Residents gather outside courthouse in support of Toni Keller


Thelma Holderness (center), of Summoning of Yellow speaks to peaceful protestors on Monday afternoon outside of the Sycamore Court House. Protestors gathered to speak out against the plea deal that William Kurl recieved in exchange for confessing to the murder of Toni Keller.

By Alan Kozeluh

The sun shone Monday on a gathering of people in yellow shirts singing Pink Floyd’s “Wish You Were Here.”

They were singing for Toni Keller, a freshman killed in October 2010 in Prairie Park.

About 20 supporters of the Keller family wore Toni’s favorite color in her memory at the demonstration in front of the DeKalb County Courthouse in Sycamore. The demonstration was held over the plea bargain reached in the case of William Curl.

Curl took an Alford plea in the murder of Keller. He will serve a 37-year sentence, but the plea allows him to maintain his innocence.

Thelma Holderness worked as a custodian in Neptune Hall, where Keller lived, but never knew the student personally. When Keller went missing, Holderness reached out to the family. Holderness, the spokesperson for the Keller family, said the plea was more than a disappointment.

“If you plead guilty to a murder you should serve more than 37 years,” Holderness said. “And you should not be allowed to say you’re innocent.”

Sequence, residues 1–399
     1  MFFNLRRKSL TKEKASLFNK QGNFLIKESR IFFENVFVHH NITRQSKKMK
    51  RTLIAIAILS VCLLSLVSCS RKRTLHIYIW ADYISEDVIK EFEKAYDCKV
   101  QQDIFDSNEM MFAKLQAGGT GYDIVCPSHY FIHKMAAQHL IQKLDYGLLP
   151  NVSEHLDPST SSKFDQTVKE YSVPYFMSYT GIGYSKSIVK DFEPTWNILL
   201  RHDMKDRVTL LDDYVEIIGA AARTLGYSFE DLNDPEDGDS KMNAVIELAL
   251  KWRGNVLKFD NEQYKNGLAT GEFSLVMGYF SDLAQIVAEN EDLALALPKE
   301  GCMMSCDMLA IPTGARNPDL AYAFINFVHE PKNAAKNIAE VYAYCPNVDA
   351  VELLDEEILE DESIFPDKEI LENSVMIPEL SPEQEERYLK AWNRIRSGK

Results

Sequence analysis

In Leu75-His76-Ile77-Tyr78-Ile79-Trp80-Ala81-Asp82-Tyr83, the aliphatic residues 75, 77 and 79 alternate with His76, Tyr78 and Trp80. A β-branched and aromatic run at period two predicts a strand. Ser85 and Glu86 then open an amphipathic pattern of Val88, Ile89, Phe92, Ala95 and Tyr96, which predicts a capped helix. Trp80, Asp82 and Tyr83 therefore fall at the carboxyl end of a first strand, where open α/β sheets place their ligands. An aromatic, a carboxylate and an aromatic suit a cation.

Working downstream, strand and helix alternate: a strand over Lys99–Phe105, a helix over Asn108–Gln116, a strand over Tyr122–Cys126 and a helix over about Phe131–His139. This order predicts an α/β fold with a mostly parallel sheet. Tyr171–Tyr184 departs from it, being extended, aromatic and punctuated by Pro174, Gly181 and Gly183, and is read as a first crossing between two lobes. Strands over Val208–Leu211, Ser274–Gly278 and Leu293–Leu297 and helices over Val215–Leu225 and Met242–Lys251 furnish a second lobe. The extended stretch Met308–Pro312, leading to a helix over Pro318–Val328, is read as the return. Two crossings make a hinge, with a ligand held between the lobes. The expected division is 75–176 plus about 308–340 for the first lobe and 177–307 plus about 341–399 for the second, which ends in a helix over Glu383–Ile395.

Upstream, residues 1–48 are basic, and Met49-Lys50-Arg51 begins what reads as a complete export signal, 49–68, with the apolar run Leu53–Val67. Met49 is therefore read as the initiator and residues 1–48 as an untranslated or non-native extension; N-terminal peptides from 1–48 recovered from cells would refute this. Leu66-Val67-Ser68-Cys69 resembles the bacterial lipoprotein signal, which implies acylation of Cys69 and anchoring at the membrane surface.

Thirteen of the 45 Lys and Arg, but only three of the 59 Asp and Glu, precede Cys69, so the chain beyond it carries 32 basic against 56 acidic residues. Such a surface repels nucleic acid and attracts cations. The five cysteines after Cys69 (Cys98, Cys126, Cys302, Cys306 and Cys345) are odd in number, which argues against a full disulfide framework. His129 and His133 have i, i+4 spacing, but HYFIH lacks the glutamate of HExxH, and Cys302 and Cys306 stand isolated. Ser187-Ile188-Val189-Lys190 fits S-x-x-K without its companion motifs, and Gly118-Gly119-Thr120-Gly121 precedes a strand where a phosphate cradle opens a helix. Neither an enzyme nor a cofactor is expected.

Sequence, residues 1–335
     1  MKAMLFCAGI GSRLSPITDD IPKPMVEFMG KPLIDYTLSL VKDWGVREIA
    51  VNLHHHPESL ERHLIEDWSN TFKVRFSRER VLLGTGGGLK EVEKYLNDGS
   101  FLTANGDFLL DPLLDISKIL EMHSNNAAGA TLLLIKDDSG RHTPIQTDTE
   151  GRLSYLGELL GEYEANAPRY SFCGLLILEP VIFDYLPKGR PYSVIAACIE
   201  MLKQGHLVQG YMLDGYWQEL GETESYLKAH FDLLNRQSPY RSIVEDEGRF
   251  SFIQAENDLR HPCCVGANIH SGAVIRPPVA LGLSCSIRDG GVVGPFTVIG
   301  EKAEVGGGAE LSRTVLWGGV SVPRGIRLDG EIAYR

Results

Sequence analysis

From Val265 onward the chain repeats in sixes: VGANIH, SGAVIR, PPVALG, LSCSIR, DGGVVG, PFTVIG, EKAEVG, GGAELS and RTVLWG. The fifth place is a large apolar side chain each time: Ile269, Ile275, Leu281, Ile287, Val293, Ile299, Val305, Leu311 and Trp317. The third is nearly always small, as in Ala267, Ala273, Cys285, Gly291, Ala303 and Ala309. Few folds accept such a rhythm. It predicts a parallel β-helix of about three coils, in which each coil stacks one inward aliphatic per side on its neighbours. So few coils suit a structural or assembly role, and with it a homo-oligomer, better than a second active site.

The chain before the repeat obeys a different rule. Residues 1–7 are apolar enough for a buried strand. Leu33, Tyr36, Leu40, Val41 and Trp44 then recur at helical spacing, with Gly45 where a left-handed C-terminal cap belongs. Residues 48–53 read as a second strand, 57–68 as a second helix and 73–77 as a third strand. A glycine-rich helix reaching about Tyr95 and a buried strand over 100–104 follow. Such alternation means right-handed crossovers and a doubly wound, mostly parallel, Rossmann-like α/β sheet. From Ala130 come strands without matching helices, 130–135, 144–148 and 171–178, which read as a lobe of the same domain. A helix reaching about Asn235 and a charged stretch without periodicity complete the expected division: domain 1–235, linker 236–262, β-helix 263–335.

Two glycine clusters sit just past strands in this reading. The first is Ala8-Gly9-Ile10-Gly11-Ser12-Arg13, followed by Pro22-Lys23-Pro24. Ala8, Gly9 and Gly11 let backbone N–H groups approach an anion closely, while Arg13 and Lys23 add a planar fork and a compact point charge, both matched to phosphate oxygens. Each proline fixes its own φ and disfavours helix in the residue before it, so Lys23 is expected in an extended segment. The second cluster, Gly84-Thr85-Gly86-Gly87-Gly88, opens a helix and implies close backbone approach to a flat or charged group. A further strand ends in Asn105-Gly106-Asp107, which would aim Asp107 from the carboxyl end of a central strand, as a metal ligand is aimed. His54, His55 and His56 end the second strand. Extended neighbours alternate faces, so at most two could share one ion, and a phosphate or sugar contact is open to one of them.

Many of those gathered wanted to say how dissatisfied they were with County State’s Attorney Richard Schmack, who was elected in fall.

“Basically, he got in on Barack Obama’s coattails,” said Jon Zahm, a political consultant whose clients include the Illinois Campaigns for Mike Huckabee and Rick Santorum. “And now we have an underqualified chief law enforcement officer.”

Darla Cook, of DeKalb, was another supporter who attended. Cook was holding a sign that read “Schmack is a schmuck.”

“Last week I went out to get my morning paper and saw that they were gonna do a plea,” Cook said. “It just made me really angry.”

Schmack has faced criticism since before Curl even accepted the plea; however, he has said that he believes his office did the right thing.

“We firmly believe that this result will protect the citizens of DeKalb County, and the people of

Illinois as a whole, from further harm at the hands of William Curl, and if a sentence of 37 years,

primarily to be served at a maximum security prison, such as the State Penitentiary at Menard, Illinois, is not an adequate deterrence to others I do not know what would be,” Schmack said in a Wednesday news release. “At the end of the day, prosecutors are placed in office to do what they think is right, in striking a balance between a host of concerns. We can do no more than say that we believe that what we did was right, based on everything that we knew.”